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      LKB1 deletion with the RIP2.Cre transgene modifies pancreatic β-cell morphology and enhances insulin secretion in vivo

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          Abstract

          The tumor suppressor liver kinase B1 (LKB1), also called STK11, is a protein kinase mutated in Peutz-Jeghers syndrome. LKB1 phosphorylates AMP-activated protein kinase (AMPK) and several related protein kinases. Whereas deletion of both catalytic isoforms of AMPK from the pancreatic β-cell and hypothalamic neurons using the rat insulin promoter (RIP2).Cre transgene (βAMPKdKO) diminishes insulin secretion in vivo, deletion of LKB1 in the β-cell with an inducible Pdx-1.CreER transgene enhances insulin secretion in mice. To determine whether the differences between these models reflect genuinely distinct roles for the two kinases in the β-cell or simply differences in the timing and site(s) of deletion, we have therefore created mice deleted for LKB1 with the RIP2.Cre transgene. In marked contrast to βAMPKdKO mice, βLKB1KO mice showed diminished food intake and weight gain, enhanced insulin secretion, unchanged insulin sensitivity, and improved glucose tolerance. In line with the phenotype of Pdx1-CreER mice, total β-cell mass and the size of individual islets and β-cells were increased and islet architecture was markedly altered in βLKB1KO islets. Signaling by mammalian target of rapamycin (mTOR) to eIF4-binding protein-1 and ribosomal S6 kinase was also enhanced. In contrast to Pdx1-CreER-mediated deletion, the expression of Glut2, glucose-induced changes in membrane potential and intracellular Ca2+ were sharply reduced in βLKB1KO mouse islets and the stimulation of insulin secretion was modestly inhibited. We conclude that LKB1 and AMPK play distinct roles in the control of insulin secretion and that the timing of LKB1 deletion, and/or its loss from extrapancreatic sites, influences the final impact on β-cell function.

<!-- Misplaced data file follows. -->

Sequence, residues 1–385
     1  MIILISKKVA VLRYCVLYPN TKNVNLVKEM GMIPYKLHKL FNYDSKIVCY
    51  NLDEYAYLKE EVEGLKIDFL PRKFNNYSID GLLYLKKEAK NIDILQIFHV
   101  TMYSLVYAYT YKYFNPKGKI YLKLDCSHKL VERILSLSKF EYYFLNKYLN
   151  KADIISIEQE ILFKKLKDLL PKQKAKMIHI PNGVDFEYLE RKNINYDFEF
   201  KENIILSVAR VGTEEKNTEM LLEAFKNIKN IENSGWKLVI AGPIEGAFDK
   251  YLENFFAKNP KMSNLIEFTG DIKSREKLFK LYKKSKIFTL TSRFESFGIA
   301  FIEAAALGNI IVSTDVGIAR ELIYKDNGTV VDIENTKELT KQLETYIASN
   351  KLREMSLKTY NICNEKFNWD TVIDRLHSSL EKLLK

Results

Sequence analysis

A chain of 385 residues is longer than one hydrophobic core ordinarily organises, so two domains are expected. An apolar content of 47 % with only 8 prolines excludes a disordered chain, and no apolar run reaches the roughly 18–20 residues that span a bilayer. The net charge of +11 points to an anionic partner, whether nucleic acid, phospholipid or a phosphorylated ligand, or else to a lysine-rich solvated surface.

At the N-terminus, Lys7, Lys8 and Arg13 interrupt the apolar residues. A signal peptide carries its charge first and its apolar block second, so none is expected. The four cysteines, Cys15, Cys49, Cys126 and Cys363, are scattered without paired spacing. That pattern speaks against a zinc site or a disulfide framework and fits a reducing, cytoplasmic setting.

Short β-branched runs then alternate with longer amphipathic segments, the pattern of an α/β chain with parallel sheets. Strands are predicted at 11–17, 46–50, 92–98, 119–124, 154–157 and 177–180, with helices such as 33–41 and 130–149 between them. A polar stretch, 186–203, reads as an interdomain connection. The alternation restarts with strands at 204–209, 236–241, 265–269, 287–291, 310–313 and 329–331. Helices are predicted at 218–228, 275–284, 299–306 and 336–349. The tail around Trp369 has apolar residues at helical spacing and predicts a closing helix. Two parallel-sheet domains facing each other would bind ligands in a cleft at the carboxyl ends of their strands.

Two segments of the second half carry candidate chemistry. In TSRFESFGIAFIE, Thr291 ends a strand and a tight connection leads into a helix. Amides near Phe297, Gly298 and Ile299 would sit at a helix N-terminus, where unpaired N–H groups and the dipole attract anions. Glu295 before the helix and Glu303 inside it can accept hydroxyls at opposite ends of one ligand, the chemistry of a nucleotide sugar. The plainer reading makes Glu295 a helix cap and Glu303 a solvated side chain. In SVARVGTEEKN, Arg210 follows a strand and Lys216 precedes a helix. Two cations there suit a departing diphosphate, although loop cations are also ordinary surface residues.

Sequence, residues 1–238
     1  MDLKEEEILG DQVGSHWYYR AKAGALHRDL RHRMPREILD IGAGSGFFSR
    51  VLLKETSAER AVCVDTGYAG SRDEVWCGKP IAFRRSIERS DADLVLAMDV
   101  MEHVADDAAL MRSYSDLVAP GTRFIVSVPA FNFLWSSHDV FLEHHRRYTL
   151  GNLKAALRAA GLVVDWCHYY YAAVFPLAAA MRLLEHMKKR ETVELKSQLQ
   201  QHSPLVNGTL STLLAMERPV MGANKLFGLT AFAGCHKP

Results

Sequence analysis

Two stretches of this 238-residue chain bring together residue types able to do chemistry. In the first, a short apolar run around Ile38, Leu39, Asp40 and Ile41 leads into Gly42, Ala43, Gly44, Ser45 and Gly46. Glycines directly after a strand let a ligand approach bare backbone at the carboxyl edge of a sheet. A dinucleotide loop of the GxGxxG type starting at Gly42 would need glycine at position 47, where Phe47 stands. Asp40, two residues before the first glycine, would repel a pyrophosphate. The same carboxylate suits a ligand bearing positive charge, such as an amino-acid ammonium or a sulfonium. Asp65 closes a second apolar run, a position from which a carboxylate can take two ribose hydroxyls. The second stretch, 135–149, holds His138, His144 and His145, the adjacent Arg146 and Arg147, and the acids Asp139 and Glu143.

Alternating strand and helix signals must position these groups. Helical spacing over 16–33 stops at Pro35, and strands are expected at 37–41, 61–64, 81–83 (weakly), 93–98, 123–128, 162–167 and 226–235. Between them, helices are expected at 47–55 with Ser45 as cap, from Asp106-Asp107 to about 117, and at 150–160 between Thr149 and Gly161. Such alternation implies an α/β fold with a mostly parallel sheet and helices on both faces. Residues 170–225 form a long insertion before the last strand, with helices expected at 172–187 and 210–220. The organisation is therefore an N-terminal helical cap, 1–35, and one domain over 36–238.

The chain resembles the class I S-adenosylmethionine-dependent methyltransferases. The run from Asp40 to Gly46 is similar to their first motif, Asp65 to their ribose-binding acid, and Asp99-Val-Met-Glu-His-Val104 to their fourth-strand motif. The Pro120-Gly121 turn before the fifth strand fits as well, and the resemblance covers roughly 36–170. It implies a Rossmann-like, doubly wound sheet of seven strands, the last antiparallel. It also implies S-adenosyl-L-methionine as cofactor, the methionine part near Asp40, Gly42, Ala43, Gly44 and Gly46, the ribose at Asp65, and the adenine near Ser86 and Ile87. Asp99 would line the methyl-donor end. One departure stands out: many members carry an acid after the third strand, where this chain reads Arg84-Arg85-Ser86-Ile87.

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          Most cited references 47

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          Calmodulin-dependent protein kinase kinase-beta is an alternative upstream kinase for AMP-activated protein kinase.

          The AMP-activated protein kinase (AMPK) is a critical regulator of energy balance at both the cellular and whole-body levels. Two upstream kinases have been reported to activate AMPK in cell-free assays, i.e., the tumor suppressor LKB1 and calmodulin-dependent protein kinase kinase. However, evidence that this is physiologically relevant currently only exists for LKB1. We now report that there is a significant basal activity and phosphorylation of AMPK in LKB1-deficient cells that can be stimulated by Ca2+ ionophores, and studies using the CaMKK inhibitor STO-609 and isoform-specific siRNAs show that CaMKKbeta is required for this effect. CaMKKbeta also activates AMPK much more rapidly than CaMKKalpha in cell-free assays. K(+)-induced depolarization in rat cerebrocortical slices, which increases intracellular Ca2+ without disturbing cellular adenine nucleotide levels, activates AMPK, and this is blocked by STO-609. Our results suggest a potential Ca(2+)-dependent neuroprotective pathway involving phosphorylation and activation of AMPK by CaMKKbeta.
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            LKB1 is a master kinase that activates 13 kinases of the AMPK subfamily, including MARK/PAR-1.